Graphic and Media Design graduate, Lauren Vaughan, who undertook the Diploma in Professional Studies, designed a set of ‘Data Deckchairs’ to celebrate the opening of the Elephant Park in Elephant and Castle last year.
Forming a part of London Design Festival 2017, the opportunity resulted from a challenge that Mark-London set students and graduates from LCC to invent activations for the largest green space developed in South London for 70 years.
The five ‘Data Deckchairs’ were created from research interviews with community members who have lived and worked in Elephant and Castle for a number of years. Every deckchair holds unique chromatic and numeric data relating to a specific local’s country of birth, languages spoken and relationship to the area. All of this adds up to inspire the colours that make up the stripes on each deckchair.
Elephant and Castle has been described as ‘super diverse’ in a report by the London School of Economics and this collaborative project celebrates diversity. The deckchairs act as timelines of individual lives and are a tribute to this vibrant, resilient community. The first of the deckchairs were created with the kind co-operation of Katherine Zuleta Gil, Shamin Uddin, Andy NG: Sola Rowe and Zhixiang Yuan.
The Elephant and Castle ‘Data Deckchair’s’ were created for Elephant Park as part of the S*PARK Exhibition at LCC for The London Design Festival 2017. Lauren worked with Sarah Temple on this project during the summer as part of a series of interventions planned to contribute participatory, purposeful design for the local environment.
On Wednesday 27 September the co-designed deckchairs were first utilised at one of a series of al-fresco music evenings. It was great seeing them used for the first time. The Deckchairs celebrated the opening of the new Elephant Park. The data representing the life events was created with the kind co-operation of Katherine Zuleta Gil, Shamin Uddin, Andy NG, Sola Rowe and Zhixiang Yuan: the five community members that agreed to be interviewed. Their data was extracted and organised using a precise data key stripe system created specifically for this project by Lauren. This complex and intricate system combines variations of colour and stripe thickness, relating to each individual’s information.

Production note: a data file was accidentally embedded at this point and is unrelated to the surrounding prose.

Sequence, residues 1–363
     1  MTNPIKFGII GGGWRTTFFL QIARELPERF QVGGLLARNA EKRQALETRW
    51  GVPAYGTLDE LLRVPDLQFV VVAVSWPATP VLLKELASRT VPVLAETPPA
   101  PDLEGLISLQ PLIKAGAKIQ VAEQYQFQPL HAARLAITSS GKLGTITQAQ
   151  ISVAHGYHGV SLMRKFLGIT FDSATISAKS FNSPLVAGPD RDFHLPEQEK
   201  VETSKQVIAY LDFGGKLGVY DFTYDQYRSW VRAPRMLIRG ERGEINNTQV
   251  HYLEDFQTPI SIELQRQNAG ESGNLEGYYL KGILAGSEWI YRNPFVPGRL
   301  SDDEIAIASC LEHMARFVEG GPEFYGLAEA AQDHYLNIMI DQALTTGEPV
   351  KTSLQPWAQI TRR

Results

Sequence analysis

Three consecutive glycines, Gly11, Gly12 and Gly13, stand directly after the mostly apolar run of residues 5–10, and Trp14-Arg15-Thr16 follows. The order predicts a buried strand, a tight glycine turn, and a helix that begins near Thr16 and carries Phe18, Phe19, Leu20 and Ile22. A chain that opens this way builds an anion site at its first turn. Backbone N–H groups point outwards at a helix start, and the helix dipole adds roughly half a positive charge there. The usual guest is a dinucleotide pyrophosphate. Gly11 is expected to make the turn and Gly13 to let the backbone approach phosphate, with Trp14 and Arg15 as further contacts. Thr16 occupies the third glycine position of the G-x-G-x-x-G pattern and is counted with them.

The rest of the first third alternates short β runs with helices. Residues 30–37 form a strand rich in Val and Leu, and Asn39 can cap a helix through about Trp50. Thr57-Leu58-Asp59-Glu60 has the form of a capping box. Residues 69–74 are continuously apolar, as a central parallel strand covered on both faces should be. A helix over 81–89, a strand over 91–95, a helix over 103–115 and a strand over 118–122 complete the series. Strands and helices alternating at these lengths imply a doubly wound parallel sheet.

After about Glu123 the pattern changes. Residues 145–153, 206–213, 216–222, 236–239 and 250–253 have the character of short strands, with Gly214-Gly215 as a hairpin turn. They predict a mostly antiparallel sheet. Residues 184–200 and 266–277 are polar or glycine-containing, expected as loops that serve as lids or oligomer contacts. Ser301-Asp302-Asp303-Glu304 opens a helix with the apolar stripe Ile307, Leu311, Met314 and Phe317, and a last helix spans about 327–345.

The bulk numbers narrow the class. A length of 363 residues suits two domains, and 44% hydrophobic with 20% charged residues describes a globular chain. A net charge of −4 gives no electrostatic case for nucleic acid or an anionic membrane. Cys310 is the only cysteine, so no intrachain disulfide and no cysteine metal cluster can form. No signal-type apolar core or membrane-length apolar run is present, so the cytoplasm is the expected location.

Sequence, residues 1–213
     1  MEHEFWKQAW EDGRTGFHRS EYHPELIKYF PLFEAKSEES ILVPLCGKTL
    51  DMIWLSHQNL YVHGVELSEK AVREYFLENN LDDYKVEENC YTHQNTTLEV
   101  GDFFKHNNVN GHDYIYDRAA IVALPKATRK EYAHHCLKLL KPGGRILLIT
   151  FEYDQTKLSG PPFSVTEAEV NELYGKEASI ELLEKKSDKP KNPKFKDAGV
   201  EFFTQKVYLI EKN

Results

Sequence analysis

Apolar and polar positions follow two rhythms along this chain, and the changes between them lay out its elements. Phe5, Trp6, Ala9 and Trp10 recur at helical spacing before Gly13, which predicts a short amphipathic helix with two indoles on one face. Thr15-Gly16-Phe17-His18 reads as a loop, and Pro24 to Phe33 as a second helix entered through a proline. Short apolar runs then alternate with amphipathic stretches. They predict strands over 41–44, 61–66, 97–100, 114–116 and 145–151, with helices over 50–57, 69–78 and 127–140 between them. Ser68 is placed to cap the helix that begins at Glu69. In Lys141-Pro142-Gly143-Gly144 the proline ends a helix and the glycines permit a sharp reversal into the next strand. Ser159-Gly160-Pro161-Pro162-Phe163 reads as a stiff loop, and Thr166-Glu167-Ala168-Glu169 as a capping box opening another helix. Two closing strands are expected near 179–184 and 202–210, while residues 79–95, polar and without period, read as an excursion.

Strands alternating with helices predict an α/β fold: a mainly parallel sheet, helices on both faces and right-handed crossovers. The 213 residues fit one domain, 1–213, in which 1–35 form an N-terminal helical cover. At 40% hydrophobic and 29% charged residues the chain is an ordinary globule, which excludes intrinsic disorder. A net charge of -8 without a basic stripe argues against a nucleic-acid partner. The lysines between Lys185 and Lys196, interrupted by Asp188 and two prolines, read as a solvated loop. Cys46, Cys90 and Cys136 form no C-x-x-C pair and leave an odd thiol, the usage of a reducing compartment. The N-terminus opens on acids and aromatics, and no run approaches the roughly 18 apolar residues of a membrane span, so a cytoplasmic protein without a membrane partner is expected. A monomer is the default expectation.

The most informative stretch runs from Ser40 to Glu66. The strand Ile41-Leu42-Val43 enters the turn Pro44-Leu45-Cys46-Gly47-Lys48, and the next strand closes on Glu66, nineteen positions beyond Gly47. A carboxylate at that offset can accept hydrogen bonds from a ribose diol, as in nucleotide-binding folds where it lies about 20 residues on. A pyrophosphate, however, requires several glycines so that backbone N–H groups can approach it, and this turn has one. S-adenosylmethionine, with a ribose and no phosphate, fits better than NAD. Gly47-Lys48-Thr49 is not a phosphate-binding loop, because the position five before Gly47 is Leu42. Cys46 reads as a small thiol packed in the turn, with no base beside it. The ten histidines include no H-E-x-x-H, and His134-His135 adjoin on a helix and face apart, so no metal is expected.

The concept was an extension of Lauren’s final year degree project, inspired by the colours and traditional designs of beach balls, wind breakers and deckchairs. “For me traditional deckchair stripes echo a strong cultural symbol for Britain and its seaside heritage. This exciting project gave me the chance to merge my design focus and interest in data visualisation to redesign and generate a new symbol and meaning to the iconic British seaside deckchair; making the object personal and unique to the individual’s existence” she comments.
This collaborative project celebrates the diversity to be found in the local area whilst embedding an iconic object such as the deckchair as a symbol for a community that is united through its social mix and uniqueness. The deckchairs act as timelines of individual lives and are a tribute to the vibrant, resilient community.
— GMD/LCC (@GMDLCC) November 1, 2017
All of the deckchairs have a special place in Lauren’s heart as well as the individuals who they were created to represent. “I’ve had some great feedback from people who were fascinated to know how they were created. Andy NG is so well-travelled; he’s lived in lots of different countries and speaks four languages making his deckchair so diverse in its colour scheme and I personally love the colours in Katherine Zuleta Gil’s” says Lauren.
Lauren, who is embarking on a Masters in print design, has been inspired to explore data visualisation further.
Written by Sarah Temple